To Ryan and all the 4th-graders at Horace Mann Elementary… you’re very welcome!
I was having rough day, but when I came home and found your thank-you cards in the mail, they cheered me up. I have to say…of all the ways the “Spaces” project has changed my life (and there are many) one of the best is the that I now enjoy opening the mailbox again. It’s a small but wonderful thing. I remember being younger – much younger – teetering on the edge of a lawn chair so I could reach into my parent’s mailbox. Even on the chair I couldn’t see inside – I had to reach in blindly – and that only made the whole process more mysterious. Back then there was no difference between the birthday magician who made coins vanish and the mailman who made letters appear; if anything, the mailman was even more impressive because he performed every afternoon. It’ll never be quiet the same, but I’ve got a little bit of that wonder and joy back – if only for a split-second before the lid opens – and for that I thank you.
I started off by reading a little fable I’d written, and then we did a writing exercise. They were excited to discover that when you write a story, ANYTHING can happen. Like having a cow fly up to the moon for a tea party. Or meeting a person who is five million years old, but has never clipped his toe nails (!).
[click below to read more]
We also discussed my project and all the wonderful, surprising wisdom they might find in others, and themselves. My favorite part was when in response to a prompt (“Think of something you’re really good at…and give a piece of advice about it), they wanted to know what advice their teacher, Ms. DiMarco, would give. I’ve been friends with Ms. DiMarco since college, and so I mischievously suggested that she was secretly really good at DANCING, and that led to all 20 of us dancing wildly around the room. Had I been near a computer I would’ve provided this actual footage from college:
Ha! But really, thank you to Ms. D. and her class. I learned as much from you as you did from me, I’m sure.
A few weeks later I was invited to visit with the 6th graders at Ridley Middle School.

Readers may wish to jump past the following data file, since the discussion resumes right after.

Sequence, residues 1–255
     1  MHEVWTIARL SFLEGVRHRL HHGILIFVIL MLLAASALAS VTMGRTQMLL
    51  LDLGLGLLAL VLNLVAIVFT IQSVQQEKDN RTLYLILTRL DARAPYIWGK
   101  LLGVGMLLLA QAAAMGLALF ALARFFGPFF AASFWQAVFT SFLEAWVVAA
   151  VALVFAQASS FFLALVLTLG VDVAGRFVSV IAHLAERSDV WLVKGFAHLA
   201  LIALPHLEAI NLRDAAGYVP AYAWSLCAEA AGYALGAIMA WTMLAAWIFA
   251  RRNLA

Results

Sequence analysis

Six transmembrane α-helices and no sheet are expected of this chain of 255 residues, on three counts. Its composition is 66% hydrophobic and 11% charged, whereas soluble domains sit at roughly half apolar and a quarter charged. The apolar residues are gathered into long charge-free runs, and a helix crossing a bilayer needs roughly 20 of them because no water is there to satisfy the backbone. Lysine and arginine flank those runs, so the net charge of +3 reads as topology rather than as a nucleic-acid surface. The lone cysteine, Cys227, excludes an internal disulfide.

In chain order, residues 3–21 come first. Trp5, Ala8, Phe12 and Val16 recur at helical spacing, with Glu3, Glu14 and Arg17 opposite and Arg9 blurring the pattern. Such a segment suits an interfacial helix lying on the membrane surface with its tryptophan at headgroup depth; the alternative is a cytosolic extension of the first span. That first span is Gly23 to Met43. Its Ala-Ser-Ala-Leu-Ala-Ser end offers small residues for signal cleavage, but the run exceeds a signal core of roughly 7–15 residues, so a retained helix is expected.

The “traveling workshops” have been a fun extension of the project for me. I teach at the university level (don’t be impressed…I’m at the bottom of the ladder…below the bottom of the ladder…I’m the guy in the back alley leaping with all his might to reach the bottom rung of the fire escape) and I first started doing “wisdom-themed” exercises a few years ago. I had the students interview each other, and ask three questions: 1) What is the best piece of advice anyone’s ever given you? 2) If you could go back to the beginning of freshman year, what advice would you give yourself, and 3) Think of something you’re really passionate about – give advice about it. It was just this stupid get-to-know-one-another activity, but I was always amazed by the diversity of the responses, depending where people came from and how they grew up. That’s part of what inspired the project – I thought, what if I could turn this entire country into a giant classroom – imagine the responses I would get – ranchers from Wyoming, artists from Seattle, businessmen from New York – and so I just set out to see who I would find. But anyway, since I’ve been back and doing the workshops, it’s been fascinating to see the responses from different age groups. You might not think a 6th grader could have more wisdom than a 90-year-old war veteran, but then clearly you’ve never met any 6th graders.
They know everything!